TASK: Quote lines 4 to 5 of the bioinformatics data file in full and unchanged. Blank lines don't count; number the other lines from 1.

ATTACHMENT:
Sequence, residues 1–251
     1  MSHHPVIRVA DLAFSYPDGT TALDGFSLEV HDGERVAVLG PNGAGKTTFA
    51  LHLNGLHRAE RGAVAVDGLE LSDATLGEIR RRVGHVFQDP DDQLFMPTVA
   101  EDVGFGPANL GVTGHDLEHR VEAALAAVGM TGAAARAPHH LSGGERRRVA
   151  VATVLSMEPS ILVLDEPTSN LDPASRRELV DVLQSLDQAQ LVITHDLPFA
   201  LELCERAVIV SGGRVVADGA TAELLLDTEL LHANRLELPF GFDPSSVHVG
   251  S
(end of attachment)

   101  EDVGFGPANL GVTGHDLEHR VEAALAAVGM TGAAARAPHH LSGGERRRVA
   151  VATVLSMEPS ILVLDEPTSN LDPASRRELV DVLQSLDQAQ LVITHDLPFA